Paul goes on:

Phi 4:7: Do not be anxious about anything, but in every situation, by prayer and petition, with thanksgiving, present your requests to God.

The remedy to anxiety, says Paul, is prayer. Prayer is so simple a child can do it;prayer is so profound that the greatest prayers in the Bible have no language at all. Pray about every situation, says Paul. It is massively glorifying to God when we bring everything in our lives to him for his help, his judgement;his direction. It glorifies God when we trust him. It glorifies God when we can say to God, “I’m depending on You Lord. I have no back up plan. No plan B. I trust You and You alone.”

Every situation, says Paul, should be prayed about. Do we need wisdom to know what to do? Pray. Do we need a job? Pray. What if we feel like we need more energy to get through one day after another? Then pray. Do we need help dealing with a difficult person? Pray. No situation is exempted in this text. Paul does not say, “Pray to God about every situation except that one situation that is probably too big or too hard for God to do anything about”. Paul says, no, pray in every situation. It gives God the opportunity to glorify himself in our lives.

If there was one man who lived on prayer it was Hudson Taylor, the founder of the China Inland Mission. One time he was travelling the world and was absolutely broke. He needed to catch a train from St. Louis, but he had no money. So he went and stood in the ticket queue without a single coin and he prayed. The line kept moving; until there was only one person ahead.

Suddenly he felt a tap on his shoulder. The man behind him (who was also a Christian) turns to him and says, “I’ve got to pay for your ticket. The Lord has just been pressing upon me that I need to pay for your ticket”.

The alternative to anxiety, says Paul, is to pray about every situation. To bring our petitions to God and leave the situation in his hands frees us from anxiety and worry. We’ve gone to the Lord who rules over the universe and spoken to him about our needs and our situation. It glorifies God when we leave our burdens and our troubles in his hands. And it brings tremendous peace.

A.W. Tozer in his book Faith Beyond Reason mentioned that he had come across many Christians who couldn’t point to a single answer to their prayers. Tozer suggested that many people simply give up praying because they never expect real answers. Sometimes people wonder if they’re praying incorrectly, or if they are simply not blessed as others.

But if we listen to Paul and bring every situation to God in child-like faith, talking with God over and over again, we’ll soon start to see answers to prayer stacking up. As God answers our prayers we grow in faith, and as our faith grows it sterilises fear because now we have a catalogue of answered prayers behind us that strengthens us. Eventually, we learn have such faith and dependence on God that worry becomes rare in our lives.

Hudson Taylor put it this way: “I… am not especially gifted, and am shy by nature, but… God taught me… to rest on Him and to pray even about little things in which another man might have felt able to help himself”. Is it any wonder that with such a trust in God, Hudson Taylor was able to report countless answers to prayer that were both remarkable and frequent?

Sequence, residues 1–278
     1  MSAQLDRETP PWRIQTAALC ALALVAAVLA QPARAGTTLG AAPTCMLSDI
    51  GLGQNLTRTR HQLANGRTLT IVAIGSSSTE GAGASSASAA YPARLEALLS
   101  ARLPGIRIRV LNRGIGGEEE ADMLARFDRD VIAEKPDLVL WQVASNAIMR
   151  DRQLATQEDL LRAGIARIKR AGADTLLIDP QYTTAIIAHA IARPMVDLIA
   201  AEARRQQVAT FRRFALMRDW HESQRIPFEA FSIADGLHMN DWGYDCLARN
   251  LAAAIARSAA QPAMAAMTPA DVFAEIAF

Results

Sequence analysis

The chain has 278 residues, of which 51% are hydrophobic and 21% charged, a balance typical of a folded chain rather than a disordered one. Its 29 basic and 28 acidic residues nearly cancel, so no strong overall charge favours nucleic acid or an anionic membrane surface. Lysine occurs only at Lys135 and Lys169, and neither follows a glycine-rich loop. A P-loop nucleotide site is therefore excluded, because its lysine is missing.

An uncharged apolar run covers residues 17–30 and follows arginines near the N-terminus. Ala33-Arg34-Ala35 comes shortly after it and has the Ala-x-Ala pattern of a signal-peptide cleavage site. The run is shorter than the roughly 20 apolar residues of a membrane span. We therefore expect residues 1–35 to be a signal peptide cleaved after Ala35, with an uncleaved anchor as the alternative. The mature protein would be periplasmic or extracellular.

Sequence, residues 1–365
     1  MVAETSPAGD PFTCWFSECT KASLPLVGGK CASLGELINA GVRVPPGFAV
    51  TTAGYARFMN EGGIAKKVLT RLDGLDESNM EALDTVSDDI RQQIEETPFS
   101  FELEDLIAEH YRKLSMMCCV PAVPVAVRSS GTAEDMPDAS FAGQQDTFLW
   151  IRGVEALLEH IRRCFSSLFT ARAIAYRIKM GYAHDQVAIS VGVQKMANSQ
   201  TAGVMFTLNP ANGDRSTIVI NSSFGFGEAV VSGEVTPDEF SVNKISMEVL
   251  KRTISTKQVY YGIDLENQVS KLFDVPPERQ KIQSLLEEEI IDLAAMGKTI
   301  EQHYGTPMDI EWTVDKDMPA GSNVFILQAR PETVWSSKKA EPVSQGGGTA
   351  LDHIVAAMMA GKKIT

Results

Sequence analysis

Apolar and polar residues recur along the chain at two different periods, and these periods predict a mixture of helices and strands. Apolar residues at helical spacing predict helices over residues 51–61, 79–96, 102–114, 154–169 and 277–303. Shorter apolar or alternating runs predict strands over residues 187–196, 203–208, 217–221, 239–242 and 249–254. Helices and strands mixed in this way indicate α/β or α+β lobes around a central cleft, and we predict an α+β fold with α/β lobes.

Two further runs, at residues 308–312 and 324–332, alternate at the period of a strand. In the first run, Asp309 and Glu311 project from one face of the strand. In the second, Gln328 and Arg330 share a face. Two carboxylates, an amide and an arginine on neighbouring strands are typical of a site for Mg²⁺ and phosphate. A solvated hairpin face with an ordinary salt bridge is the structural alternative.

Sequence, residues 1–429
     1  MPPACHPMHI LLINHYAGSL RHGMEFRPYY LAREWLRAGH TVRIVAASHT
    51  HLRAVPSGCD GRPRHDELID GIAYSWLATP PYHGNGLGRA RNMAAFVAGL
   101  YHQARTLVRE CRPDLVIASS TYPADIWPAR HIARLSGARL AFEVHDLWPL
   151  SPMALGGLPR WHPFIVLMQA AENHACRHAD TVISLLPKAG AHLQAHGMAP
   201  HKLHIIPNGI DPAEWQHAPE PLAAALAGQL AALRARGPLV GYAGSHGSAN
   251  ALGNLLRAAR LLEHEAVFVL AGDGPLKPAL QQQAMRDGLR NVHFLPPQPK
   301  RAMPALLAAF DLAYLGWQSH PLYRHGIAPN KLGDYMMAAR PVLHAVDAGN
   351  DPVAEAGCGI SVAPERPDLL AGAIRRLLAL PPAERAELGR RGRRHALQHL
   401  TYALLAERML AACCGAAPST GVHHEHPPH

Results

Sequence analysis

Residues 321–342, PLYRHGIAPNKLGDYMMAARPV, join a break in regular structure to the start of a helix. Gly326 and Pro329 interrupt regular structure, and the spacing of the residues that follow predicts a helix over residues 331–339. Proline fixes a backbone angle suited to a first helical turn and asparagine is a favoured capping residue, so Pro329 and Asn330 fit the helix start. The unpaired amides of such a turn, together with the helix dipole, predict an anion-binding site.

He was doing exactly as Paul taught: bringing every situation by prayer and petition to God.

Paul goes on to say:

Phi 4:7 And the peace of God, which transcends all understanding, will guard your hearts and your minds in Christ Jesus.

God’s peace transcends understanding. Unlike the New Age movement that wants to dissect peace and give formulas on how to get it, and make it the product of our own brain activity, God’s peace transcends understanding. God’s peace is far beyond explanation. No human mouth; no human mind; no human pen can describe or fathom the origin or the nature of the peace that God alone can give.

I’ve had people describe to me terrible situations in which they prayed and committed the whole thing to God. And then no sooner were they done praying,they had a peace fall upon them like a blanket. Nothing else changed, but they were enveloped in peace – beyond describing, beyond explanation.

It is peace from a divine, source. It literally comes from out of this world. It comes when God overshadows our life and we become acutely conscious that he is ruling, he is aware, he is God, and he is sympathetic. In those dark, lonely hours of prayer, as it says in scripture, “God will suddenly come to his temple”. I love those words. Sometimes in our troubles God suddenly comes to us, and his presence can be so intense that it fills the room and all one can do is fall prostrate on the ground.

God is indeed so real, and so is God’s peace. It’s a peace that has no earthly explanation, because it springs from a heavenly source. It’s a peace that can never be defined or expressed in the words of human language. It’s a peace that transcends understanding.

The effect of this deep, spiritual peace, says Paul, is that it guards our hearts and minds like a soldier. Paul actually uses a Greek military term. It seems incongruous when speaking of peace to use the image of a warrior. We usually think of peace as a dove. The Japanese think of cherry blossoms. Something timid or fragile.But Paul uses here the image of a soldier. What is God’s peace like? What does God’s peace do? It takes up weapons. It guards our hearts and minds like soldiers outside a castle.